There may be a compelling play about the 1897 concert in the Paris Catacombs, but Les Innocents is not it | Theater Review | Chicago Reader

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There may be a compelling play about the 1897 concert in the Paris Catacombs, but Les Innocents is not it

Instead you'll find yourself killing time with a Belle Epoque Orpheus.

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(Re)discover Theatre's self-serious one-act slog purports to be "inspired by a real concert that took place in the Paris Catacombs in 1897," and I've no doubt there's a compelling story to be excavated somewhere from that event. But, my God, this full-body-cringe-inducing work of theater cannot be it.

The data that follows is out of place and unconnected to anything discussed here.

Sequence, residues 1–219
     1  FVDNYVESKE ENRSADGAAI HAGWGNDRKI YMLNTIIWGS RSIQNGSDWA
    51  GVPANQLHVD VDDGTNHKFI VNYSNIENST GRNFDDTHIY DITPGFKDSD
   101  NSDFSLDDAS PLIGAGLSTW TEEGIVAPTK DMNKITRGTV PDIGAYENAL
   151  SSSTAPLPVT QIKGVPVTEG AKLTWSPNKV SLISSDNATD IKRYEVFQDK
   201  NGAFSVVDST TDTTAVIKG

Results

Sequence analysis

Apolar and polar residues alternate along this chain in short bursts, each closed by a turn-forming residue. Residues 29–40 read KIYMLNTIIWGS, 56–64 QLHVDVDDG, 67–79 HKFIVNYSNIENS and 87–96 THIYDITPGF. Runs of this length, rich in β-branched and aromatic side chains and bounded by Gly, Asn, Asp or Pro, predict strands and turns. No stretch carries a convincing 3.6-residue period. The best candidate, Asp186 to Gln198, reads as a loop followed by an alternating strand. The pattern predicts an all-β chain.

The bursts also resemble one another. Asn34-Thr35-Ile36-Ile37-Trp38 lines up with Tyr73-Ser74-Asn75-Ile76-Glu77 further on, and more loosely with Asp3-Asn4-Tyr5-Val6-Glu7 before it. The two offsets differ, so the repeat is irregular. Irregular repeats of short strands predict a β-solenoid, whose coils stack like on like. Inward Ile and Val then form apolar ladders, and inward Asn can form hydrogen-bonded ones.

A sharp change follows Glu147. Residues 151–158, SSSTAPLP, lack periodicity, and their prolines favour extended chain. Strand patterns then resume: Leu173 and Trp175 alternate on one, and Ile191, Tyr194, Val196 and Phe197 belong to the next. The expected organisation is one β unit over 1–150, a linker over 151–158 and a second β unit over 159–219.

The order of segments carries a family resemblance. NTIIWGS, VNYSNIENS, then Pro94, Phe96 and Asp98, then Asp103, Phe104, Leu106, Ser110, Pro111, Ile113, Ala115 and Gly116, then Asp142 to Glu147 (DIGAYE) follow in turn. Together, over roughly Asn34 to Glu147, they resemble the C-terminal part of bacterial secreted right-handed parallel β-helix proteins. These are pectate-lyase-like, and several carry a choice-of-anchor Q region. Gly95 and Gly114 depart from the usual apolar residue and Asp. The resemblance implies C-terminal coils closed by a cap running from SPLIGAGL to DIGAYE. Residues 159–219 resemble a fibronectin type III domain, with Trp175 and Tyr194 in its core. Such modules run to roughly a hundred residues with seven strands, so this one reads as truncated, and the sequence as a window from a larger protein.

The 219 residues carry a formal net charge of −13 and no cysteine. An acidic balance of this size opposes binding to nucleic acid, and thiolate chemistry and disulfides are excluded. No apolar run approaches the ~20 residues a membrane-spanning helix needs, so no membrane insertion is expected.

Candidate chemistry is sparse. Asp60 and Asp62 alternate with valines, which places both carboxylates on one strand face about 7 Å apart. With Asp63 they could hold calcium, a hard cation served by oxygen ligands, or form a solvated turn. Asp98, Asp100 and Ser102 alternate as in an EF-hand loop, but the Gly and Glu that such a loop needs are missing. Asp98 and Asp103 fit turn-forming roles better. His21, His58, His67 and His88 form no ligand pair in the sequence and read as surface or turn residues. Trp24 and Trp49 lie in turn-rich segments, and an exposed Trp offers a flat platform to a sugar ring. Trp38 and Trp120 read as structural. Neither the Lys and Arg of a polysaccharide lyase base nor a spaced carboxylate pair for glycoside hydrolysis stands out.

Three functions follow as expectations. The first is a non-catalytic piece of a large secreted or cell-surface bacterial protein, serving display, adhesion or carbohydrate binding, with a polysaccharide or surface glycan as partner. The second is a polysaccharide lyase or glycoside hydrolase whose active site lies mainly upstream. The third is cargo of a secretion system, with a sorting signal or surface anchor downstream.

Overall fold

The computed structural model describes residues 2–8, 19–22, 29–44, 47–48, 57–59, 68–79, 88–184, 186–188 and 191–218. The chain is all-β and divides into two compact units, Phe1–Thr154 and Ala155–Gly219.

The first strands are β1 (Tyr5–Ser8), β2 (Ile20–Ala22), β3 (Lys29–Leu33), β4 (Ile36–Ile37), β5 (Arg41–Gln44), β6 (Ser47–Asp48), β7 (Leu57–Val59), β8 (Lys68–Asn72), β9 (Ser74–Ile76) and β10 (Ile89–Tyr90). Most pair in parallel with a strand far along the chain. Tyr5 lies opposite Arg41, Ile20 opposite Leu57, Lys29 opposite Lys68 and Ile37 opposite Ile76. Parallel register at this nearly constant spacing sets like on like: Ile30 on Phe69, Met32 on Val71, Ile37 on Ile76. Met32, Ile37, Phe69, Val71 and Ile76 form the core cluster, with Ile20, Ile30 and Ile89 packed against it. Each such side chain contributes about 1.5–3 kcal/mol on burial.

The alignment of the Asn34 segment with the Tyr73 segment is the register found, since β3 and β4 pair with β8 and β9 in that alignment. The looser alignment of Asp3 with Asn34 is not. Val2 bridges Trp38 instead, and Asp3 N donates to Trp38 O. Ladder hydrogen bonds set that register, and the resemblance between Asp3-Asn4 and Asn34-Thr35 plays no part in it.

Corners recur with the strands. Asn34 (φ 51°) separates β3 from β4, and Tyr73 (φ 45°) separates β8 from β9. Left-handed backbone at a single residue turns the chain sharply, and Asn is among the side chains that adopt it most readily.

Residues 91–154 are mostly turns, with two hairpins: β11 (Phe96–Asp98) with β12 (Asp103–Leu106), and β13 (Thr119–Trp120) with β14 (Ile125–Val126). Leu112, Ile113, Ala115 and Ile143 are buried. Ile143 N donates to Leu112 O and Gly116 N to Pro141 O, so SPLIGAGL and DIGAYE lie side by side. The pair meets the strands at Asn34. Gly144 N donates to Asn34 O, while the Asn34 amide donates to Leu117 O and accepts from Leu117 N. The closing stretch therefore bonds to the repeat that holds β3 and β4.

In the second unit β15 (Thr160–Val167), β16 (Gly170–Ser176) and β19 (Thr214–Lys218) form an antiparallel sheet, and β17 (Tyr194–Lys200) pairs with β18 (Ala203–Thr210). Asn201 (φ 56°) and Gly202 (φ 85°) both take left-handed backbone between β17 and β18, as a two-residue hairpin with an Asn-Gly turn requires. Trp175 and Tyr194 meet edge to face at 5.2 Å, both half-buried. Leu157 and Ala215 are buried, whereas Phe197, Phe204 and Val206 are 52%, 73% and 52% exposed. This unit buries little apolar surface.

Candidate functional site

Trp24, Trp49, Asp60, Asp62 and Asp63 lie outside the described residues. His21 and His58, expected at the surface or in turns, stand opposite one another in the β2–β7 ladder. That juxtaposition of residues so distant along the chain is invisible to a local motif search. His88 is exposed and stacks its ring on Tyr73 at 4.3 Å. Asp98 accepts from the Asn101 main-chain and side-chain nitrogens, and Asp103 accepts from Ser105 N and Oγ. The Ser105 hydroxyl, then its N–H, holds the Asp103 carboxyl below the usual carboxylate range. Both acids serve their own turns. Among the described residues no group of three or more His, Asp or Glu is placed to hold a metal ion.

Gui, a nonbinary composer on a deadline, descends into the skull-walled labyrinth below Paris to reunite with the soul of their recently deceased lover and reclaim the musical inspiration that was buried with her. While en route, the musician encounters a 90s-era-Jim Carrey-level-manic mapmaker and an anguished, howling, zombielike gang of spirits, each with regrets and a narrative of their own. Even under the most generous definition of "immersive," Ann Kreitman's production doesn't make much of a case for why audiences need to trudge a lap around a row of paint-stamped crepe-paper walls, the jankiness of which is barely concealed by the Preston Bradley Center's extreme low lighting. Once the audience is seated, the already slow pace brakes even further as each ghost bemoans its fate and interrogates Gui about their motivations for descending to the underworld. Given how short the show is, it's remarkable how much of it is spent killing time.

One highlight, for what it's worth: a positive emphasis on queer and nonbinary casting.   v

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